Memory access time: 850 ns static RAM; 420 or 150 ns dynamic Ram
In an upcoming issue, we will describe how to build a low-cost CRT-type terminal
that can be used with the computer and can also be mated with any time-sharing computer
Fig. 1 - Basic block diagram of computer parts and operation.
Some Applications for the
Altair 8800 Computer
Listed below is only a small sampling of the thousands of possible applications
for the computer. The Altair 8800 Is so powerful, in fact, that many of these applications
can be performed simultaneously. It can be used as a:
- Programmable scientific calculator
- Multichannel data acquisition system
- Automatic control for ham station
- Sophisticated intrusion alarm system with multiple combination locks
- Automatic IC tester
- Machine controller
- Digital clock with all time-zone conversion
- High-speed I/O device for large computer
- Digital signal generator
- Automated automobile test analyzer
- On-board mobile controller
- Autopilot for planes, boats, etc.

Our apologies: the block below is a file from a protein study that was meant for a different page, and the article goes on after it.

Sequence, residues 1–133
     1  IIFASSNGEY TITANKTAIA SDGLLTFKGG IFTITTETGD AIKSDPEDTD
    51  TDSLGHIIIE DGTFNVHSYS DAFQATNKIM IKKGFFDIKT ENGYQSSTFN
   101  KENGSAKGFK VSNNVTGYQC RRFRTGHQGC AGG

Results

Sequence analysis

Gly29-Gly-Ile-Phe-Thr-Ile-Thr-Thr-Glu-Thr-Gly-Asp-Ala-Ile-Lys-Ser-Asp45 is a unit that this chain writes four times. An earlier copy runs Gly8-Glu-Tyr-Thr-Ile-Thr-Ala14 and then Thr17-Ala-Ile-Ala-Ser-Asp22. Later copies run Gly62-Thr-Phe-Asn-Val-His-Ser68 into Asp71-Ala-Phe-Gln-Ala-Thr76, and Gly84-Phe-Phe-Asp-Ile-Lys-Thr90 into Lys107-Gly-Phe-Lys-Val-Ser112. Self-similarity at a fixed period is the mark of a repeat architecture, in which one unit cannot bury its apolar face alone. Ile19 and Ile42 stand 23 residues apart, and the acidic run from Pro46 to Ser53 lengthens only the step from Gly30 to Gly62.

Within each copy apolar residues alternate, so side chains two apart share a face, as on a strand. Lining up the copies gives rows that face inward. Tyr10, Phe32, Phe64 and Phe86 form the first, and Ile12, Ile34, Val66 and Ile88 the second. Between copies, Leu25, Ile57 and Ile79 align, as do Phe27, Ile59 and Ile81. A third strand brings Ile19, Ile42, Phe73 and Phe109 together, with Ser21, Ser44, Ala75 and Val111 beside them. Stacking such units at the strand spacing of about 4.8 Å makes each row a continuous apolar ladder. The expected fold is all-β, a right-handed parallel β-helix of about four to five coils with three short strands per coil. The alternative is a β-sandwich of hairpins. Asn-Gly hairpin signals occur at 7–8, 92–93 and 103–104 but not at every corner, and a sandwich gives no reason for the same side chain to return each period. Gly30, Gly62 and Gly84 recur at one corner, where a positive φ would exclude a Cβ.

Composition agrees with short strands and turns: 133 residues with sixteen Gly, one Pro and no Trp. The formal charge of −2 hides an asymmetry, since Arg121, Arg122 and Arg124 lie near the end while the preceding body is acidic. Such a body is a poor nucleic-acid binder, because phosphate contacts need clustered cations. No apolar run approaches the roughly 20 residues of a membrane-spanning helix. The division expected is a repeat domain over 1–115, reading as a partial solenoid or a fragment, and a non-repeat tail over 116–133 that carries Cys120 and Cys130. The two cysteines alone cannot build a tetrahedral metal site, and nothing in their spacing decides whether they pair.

- Navigation computer
- Time-share computer system
- "Smart" computer terminal
- Brain for a robot
- Pattern-recognition device
- Printed matter-to-Braille converter for the blind
- Automatic drafting machine
- Automatic controller for heat, air conditioning, dehumidifying
- Controller for sound systems
- Digital filter
- Signal analyzer
About the Computer. A computer is basically a piece of variable
hardware. By changing the bit pattern stored in the memory, the hardware (electronic
circuitry) can be altered from one type of device to another. When the bit pattern,
and thus the hardware, is changed, we have what is referred to as "software." Any
type of variable instruction (programming) - such as Basic, Fortran, Cobol, Algol
- is generally classified as software.
To cause it to vary the hardware, you must communicate with the computer. In
the case of the 8800, this is done by setting the bit pattern on the front-panel